Students powerlift for fun, competition, family tradition

Megan Bernhardt

For senior Joey Lehotsky, powerlifting is a way to diminish the chip on his shoulder.

“I really got into powerlifting when I didn’t bring home anything my first year. It really put a chip on my shoulder, and gave me more motivation in my training,” Lehotsky said.

Since he started lifting in fifth grade “when my dad gave me some 5-lb. dumbbells to play with,” Lehotsky has made great strides.

He started lifting competitively three years ago, and he won the award for best overall lifter at the 2011 State Powerlifting meet, which took place at the Community Recreation Center on March 5.

Powerlifting coach Travis Crawford says the best part of coaching is, “seeing the kids be successful.”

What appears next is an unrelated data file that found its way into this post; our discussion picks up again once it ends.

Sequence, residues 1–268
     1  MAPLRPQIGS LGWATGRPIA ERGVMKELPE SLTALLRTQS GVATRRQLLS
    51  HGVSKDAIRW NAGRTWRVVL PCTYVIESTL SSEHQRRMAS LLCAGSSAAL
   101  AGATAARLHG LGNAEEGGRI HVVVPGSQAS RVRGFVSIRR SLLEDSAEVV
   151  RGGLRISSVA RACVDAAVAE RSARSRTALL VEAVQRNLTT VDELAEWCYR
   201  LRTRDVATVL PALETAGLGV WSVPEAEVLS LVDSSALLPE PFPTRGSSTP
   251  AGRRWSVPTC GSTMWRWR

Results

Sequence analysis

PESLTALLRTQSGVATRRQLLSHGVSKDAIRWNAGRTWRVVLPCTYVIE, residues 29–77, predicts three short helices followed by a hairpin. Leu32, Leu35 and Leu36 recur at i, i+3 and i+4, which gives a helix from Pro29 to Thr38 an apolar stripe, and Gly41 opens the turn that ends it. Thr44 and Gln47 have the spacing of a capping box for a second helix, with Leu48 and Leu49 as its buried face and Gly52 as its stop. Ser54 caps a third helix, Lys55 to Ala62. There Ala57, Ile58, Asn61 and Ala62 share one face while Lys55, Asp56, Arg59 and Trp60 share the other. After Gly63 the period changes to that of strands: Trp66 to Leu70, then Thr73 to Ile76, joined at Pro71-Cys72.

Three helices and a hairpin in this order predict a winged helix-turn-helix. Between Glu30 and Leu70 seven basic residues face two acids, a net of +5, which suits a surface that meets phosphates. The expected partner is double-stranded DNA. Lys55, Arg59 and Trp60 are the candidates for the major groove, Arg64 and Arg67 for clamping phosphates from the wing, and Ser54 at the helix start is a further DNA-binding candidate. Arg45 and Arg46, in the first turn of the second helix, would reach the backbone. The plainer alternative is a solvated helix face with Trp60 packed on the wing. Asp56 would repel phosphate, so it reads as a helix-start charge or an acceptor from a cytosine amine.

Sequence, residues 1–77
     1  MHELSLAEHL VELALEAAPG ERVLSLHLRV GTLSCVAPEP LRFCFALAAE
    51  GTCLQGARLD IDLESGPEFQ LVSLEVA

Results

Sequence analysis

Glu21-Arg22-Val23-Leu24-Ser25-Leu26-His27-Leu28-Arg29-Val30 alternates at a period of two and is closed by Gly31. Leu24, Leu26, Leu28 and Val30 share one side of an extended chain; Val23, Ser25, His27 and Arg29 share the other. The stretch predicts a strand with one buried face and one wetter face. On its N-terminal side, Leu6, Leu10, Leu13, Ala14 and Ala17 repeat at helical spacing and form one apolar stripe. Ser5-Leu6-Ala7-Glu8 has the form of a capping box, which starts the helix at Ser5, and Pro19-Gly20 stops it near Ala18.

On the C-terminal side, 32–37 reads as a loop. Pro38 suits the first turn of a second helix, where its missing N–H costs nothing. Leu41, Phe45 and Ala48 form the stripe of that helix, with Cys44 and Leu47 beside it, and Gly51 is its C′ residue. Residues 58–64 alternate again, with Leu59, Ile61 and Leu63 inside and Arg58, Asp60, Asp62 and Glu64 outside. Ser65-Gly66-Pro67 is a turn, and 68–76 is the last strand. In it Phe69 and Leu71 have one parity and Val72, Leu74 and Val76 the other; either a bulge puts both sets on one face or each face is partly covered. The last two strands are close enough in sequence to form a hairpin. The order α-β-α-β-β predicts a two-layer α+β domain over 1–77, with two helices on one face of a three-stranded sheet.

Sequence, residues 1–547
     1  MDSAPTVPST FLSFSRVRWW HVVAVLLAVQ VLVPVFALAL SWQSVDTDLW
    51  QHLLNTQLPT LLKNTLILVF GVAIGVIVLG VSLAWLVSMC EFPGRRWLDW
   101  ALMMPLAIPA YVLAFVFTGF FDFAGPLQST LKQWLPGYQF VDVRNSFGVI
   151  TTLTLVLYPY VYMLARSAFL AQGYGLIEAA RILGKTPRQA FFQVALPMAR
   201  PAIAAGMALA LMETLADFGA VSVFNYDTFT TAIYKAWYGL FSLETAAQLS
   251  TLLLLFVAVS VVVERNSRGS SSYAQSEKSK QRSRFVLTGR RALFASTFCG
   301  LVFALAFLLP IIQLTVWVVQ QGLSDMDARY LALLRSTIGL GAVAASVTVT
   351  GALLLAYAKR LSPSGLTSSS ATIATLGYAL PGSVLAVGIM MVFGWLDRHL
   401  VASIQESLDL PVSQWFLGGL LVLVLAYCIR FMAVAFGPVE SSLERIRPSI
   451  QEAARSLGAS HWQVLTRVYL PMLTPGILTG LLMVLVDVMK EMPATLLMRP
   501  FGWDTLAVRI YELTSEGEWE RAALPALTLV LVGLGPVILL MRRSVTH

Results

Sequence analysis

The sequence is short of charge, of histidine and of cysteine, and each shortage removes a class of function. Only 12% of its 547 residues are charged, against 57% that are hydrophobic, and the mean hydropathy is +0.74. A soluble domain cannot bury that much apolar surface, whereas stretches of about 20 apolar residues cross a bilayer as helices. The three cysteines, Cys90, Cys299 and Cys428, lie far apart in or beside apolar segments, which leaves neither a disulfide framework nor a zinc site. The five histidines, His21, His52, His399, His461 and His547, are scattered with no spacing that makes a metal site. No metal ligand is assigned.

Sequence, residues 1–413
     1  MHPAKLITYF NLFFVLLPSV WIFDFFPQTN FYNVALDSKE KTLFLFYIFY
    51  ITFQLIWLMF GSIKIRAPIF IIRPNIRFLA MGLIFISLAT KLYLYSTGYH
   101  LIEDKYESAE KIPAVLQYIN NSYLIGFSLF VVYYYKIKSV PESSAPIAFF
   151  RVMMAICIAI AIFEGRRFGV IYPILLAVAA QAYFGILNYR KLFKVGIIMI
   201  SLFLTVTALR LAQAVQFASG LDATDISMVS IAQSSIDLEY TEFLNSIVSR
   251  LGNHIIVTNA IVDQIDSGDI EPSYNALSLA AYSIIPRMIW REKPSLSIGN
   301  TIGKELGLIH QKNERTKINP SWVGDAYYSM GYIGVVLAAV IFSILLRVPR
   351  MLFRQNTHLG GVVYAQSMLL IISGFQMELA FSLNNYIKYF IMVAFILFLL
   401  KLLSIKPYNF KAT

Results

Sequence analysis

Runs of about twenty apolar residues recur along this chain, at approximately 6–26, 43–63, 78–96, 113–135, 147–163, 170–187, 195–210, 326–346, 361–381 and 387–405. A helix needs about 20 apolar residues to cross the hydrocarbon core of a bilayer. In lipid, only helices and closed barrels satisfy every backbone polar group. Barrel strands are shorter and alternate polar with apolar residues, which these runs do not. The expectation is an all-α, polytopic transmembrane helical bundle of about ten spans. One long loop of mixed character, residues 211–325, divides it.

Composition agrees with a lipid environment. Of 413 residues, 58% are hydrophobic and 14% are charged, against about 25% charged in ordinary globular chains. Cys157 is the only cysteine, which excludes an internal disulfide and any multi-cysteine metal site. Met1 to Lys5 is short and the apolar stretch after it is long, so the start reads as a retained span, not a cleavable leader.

The team has definitely been successful in recent years, winning back-to-back state championships.

Competition is not the only reason students powerlift.

For senior Liz Ramsey, lifting is more of a family affair.

Her biggest accomplishment was beating her sister Remick’s deadlift record at the high school powerlifting meet this year.

Ramsey added, “my dad has been a trainer since I was little, so I grew up with it.”

Crawford said, “early exposure makes [lifters] successful,” and “getting kids involved when they’re younger” is better so that they can improve.

The competitiveness and structure of powerlifting is what sets it apart, according to Crawford.

Overall though, Lehotsky feels that he can accomplish things through lifting that he couldn’t otherwise.

“The thing that got me hooked on lifting is the results. My favorite feeling in the world is when you accomplish something that has been eluding you for a long time. Lifting gives me another place to goal set, and gives me a place in which I can feel accomplishment.”